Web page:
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Watchdog: EPA Action To Protect Flint Residents From Lead Was Delayed 7 Months

A government watchdog's report says Flint residents' exposure to lead in city drinking water could have been stopped months earlier by federal regulators.
Carlos Osorio
A government watchdog's report says Flint residents' exposure to lead in city drinking water could have been stopped months earlier by federal regulators.

The Environmental Protection Agency had the authority and information to issue an emergency order protecting residents of Flint, Mich., from lead-tainted water a full seven months before it did so, an EPA internal investigation has concluded.

"It is clear that EPA intervention was delayed," the report from the EPA's inspector general states. "These situations should generate a greater sense of urgency."

By June 2015, the EPA regional office "had information that the city of Flint exceeded the lead level at which corrosion control is required, and that Flint was not using a corrosion inhibitor." It also knew that testing showed high levels of lead in at least four homes. Finally, the regional office "knew that the state and local authorities were not acting quickly to protect human health."

That is enough to issue an emergency order, the report says. Such action "could have required the city and state to provide alternative water supplies to affected residents, study the extent and severity of lead contamination within the water system, or immediately begin corrective actions to reduce and eliminate lead contamination in the drinking water system."

And yet, the EPA did not issue an order until January 2016. According to the report, local authorities "believed that the state of Michigan's actions to address the Flint situation barred formal federal action." But that was incorrect – the Safe Drinking Water Act states that the EPA can take action if "state actions are deemed insufficient."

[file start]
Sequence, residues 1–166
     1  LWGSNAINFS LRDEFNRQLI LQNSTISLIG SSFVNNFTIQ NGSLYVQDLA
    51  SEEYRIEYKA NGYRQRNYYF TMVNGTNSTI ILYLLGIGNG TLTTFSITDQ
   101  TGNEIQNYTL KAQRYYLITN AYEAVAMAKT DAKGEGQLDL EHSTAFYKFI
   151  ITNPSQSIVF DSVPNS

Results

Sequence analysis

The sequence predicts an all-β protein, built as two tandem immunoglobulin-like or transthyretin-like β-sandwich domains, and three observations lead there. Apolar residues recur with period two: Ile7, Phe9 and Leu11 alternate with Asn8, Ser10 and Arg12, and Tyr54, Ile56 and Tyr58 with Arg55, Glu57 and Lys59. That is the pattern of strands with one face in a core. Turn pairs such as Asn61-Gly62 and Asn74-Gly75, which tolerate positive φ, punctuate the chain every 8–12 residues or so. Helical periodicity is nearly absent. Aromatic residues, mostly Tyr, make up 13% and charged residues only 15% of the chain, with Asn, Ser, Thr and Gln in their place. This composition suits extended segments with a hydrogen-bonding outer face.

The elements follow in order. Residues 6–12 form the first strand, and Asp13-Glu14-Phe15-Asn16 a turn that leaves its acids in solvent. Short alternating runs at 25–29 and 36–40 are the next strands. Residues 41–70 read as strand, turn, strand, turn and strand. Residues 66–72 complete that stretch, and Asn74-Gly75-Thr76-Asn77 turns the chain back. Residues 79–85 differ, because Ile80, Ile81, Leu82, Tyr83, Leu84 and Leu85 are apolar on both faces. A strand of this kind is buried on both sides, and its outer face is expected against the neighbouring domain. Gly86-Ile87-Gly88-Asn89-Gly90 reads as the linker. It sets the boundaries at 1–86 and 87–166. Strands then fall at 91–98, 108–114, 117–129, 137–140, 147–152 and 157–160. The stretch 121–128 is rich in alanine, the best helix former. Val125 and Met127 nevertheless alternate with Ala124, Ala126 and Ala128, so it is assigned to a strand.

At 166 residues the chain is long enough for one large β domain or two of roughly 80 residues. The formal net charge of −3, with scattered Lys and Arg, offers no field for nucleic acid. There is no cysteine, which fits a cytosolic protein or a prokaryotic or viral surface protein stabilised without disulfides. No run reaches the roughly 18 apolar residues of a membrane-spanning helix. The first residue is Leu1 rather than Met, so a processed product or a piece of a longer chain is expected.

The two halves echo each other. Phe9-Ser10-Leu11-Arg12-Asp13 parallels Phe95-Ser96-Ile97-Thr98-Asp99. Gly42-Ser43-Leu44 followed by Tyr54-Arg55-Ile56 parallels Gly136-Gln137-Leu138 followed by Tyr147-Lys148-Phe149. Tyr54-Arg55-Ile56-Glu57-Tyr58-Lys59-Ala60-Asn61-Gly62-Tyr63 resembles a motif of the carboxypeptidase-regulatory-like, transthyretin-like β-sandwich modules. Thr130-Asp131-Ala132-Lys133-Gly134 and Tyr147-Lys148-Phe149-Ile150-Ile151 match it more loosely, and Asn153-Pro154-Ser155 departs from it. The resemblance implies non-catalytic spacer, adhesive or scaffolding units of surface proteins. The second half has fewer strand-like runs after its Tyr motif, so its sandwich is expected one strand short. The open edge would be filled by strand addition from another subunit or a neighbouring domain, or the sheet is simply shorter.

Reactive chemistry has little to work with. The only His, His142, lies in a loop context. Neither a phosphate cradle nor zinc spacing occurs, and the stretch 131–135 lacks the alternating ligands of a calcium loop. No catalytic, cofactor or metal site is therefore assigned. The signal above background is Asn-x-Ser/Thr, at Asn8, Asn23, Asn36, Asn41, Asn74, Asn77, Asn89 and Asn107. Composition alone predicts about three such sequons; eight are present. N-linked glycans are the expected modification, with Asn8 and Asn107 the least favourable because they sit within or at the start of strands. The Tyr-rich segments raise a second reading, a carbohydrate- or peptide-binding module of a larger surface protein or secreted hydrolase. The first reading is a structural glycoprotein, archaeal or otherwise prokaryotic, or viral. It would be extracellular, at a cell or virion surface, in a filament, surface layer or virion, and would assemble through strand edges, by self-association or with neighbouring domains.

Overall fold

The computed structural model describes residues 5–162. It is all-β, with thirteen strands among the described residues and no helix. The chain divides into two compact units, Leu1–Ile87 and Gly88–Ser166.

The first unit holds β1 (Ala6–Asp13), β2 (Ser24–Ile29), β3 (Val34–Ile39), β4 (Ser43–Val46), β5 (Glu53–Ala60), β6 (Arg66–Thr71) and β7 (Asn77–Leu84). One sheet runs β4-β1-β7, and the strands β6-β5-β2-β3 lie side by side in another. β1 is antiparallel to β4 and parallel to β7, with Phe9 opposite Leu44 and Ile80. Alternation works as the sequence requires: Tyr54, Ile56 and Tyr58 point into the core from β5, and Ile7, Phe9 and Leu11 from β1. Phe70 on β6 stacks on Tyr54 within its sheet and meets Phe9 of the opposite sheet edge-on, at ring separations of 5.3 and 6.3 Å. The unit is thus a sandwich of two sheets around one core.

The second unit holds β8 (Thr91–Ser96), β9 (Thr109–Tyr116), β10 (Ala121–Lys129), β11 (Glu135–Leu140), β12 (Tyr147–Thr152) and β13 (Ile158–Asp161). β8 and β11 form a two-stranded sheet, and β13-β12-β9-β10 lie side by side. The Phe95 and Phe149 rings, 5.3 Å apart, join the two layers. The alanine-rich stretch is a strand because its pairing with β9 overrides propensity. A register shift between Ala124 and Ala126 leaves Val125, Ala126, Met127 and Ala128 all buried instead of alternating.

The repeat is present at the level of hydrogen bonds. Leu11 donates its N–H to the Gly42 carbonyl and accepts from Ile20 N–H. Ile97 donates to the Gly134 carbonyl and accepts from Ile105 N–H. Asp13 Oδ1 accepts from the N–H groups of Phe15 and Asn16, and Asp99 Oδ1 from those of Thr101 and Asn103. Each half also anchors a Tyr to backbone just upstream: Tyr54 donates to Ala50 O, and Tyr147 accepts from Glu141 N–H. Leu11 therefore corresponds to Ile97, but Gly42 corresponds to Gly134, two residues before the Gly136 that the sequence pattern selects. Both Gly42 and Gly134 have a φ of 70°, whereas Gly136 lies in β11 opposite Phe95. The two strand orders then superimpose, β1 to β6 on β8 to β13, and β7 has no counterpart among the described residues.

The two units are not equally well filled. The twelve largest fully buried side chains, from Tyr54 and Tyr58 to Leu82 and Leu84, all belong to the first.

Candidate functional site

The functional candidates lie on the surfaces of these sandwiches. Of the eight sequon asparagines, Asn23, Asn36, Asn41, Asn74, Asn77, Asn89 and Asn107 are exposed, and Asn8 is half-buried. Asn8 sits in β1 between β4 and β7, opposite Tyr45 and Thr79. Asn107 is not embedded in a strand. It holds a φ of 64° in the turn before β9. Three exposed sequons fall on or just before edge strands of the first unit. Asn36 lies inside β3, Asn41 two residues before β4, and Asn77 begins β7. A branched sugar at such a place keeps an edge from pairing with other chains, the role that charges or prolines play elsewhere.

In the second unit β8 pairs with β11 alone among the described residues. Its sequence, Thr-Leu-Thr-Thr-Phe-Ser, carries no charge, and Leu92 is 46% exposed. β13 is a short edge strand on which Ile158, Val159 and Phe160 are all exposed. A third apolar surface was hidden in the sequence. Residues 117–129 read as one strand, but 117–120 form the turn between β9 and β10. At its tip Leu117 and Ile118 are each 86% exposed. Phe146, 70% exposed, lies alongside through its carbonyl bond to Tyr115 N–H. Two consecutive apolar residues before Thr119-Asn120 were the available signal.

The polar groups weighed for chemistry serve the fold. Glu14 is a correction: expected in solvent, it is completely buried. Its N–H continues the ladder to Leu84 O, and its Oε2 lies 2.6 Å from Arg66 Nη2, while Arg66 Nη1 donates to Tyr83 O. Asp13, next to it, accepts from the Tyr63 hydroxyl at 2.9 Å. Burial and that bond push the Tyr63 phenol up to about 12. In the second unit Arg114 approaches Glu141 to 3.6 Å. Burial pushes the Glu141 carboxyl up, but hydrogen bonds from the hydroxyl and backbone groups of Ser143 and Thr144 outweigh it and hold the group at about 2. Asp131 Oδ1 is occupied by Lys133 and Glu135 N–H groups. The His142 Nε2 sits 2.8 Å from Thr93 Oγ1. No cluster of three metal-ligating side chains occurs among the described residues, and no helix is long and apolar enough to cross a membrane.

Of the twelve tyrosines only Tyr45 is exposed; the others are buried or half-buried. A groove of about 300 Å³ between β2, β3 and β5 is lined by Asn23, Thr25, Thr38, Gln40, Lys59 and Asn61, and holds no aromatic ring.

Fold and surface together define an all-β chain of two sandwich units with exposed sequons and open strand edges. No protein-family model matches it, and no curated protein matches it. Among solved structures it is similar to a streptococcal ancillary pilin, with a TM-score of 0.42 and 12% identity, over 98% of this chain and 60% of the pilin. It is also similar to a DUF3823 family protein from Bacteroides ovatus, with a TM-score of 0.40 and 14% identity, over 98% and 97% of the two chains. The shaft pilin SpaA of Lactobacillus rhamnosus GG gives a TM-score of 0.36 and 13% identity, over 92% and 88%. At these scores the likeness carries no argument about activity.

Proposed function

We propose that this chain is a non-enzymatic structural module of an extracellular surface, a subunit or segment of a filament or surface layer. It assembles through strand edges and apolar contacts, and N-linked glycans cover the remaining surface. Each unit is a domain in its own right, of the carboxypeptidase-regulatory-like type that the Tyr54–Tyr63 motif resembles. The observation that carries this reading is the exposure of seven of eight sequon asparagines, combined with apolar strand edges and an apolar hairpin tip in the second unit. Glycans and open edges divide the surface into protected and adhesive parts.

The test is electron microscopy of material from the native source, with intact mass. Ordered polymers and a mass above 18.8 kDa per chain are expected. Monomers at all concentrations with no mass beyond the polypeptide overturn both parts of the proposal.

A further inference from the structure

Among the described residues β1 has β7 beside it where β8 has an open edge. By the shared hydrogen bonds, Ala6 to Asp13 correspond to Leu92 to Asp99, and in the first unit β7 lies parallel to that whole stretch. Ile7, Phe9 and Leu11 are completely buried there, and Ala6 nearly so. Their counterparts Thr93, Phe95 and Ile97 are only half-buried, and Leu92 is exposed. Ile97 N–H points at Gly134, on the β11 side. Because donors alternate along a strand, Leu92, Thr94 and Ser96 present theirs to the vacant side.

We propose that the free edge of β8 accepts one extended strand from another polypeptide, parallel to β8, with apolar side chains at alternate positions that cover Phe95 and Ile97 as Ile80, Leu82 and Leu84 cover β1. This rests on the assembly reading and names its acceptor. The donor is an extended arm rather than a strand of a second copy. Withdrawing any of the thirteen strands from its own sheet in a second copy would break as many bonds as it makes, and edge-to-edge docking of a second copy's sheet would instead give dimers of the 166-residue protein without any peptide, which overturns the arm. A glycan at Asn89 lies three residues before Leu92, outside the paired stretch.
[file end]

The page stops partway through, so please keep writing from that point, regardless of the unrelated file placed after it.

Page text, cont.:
The watchdog's report concludes that the agency "needs to clarify for its employees how its emergency authority can and should be used to intervene in a public health threat."

The EPA is among the people and groups under fire for the slow response to Flint's lead-laced water. An independent task force concluded earlier this year that a state environmental agency called the Michigan Department of Environmental Quality bears primary responsibility, though others are also to blame.

The problem began when Flint switched to a new water source in 2014 for cost reasons. But water from that new source, the Flint River, was not adequately treated with corrosion controls and caused lead from the city's pipes to leach into the drinking water supply. And as we've reported, the city switched back to its original water supply late last year, but it was too late to reverse the damage to the pipes.

The city is in the process of treating its water system and recent test results show that lead levels have improved.

High levels of lead are especially dangerous for children and can cause "learning disabilities, behavioral problems and mental retardation," the World Health Organization said.

Catching up on the lead crisis in Flint? Our timeline takes you through how the public health disaster unfolded, step by step.

Copyright 2021 NPR. To see more, visit https://www.npr.org.

Merrit Kennedy is a reporter for NPR's News Desk. She covers a broad range of issues, from the latest developments out of the Middle East to science research news.
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